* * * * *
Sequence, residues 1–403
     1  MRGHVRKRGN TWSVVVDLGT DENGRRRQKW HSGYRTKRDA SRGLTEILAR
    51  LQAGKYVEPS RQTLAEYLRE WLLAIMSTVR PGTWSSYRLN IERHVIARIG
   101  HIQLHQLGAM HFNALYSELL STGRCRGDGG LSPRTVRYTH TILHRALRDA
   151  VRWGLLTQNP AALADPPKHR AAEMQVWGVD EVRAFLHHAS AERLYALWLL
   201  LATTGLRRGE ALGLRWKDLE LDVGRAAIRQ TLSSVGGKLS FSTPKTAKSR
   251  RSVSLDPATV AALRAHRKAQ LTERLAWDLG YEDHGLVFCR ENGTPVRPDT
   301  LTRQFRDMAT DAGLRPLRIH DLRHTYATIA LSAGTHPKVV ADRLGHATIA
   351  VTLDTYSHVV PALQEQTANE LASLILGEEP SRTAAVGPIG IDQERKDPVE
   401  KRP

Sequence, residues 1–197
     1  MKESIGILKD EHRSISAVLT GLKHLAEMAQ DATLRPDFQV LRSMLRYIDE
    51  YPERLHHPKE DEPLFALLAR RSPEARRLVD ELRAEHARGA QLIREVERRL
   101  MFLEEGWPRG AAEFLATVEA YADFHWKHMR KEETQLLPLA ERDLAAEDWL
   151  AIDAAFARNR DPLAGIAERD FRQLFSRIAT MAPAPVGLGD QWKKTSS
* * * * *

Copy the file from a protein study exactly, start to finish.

Sequence, residues 1–403
     1  MRGHVRKRGN TWSVVVDLGT DENGRRRQKW HSGYRTKRDA SRGLTEILAR
    51  LQAGKYVEPS RQTLAEYLRE WLLAIMSTVR PGTWSSYRLN IERHVIARIG
   101  HIQLHQLGAM HFNALYSELL STGRCRGDGG LSPRTVRYTH TILHRALRDA
   151  VRWGLLTQNP AALADPPKHR AAEMQVWGVD EVRAFLHHAS AERLYALWLL
   201  LATTGLRRGE ALGLRWKDLE LDVGRAAIRQ TLSSVGGKLS FSTPKTAKSR
   251  RSVSLDPATV AALRAHRKAQ LTERLAWDLG YEDHGLVFCR ENGTPVRPDT
   301  LTRQFRDMAT DAGLRPLRIH DLRHTYATIA LSAGTHPKVV ADRLGHATIA
   351  VTLDTYSHVV PALQEQTANE LASLILGEEP SRTAAVGPIG IDQERKDPVE
   401  KRP

Sequence, residues 1–197
     1  MKESIGILKD EHRSISAVLT GLKHLAEMAQ DATLRPDFQV LRSMLRYIDE
    51  YPERLHHPKE DEPLFALLAR RSPEARRLVD ELRAEHARGA QLIREVERRL
   101  MFLEEGWPRG AAEFLATVEA YADFHWKHMR KEETQLLPLA ERDLAAEDWL
   151  AIDAAFARNR DPLAGIAERD FRQLFSRIAT MAPAPVGLGD QWKKTSS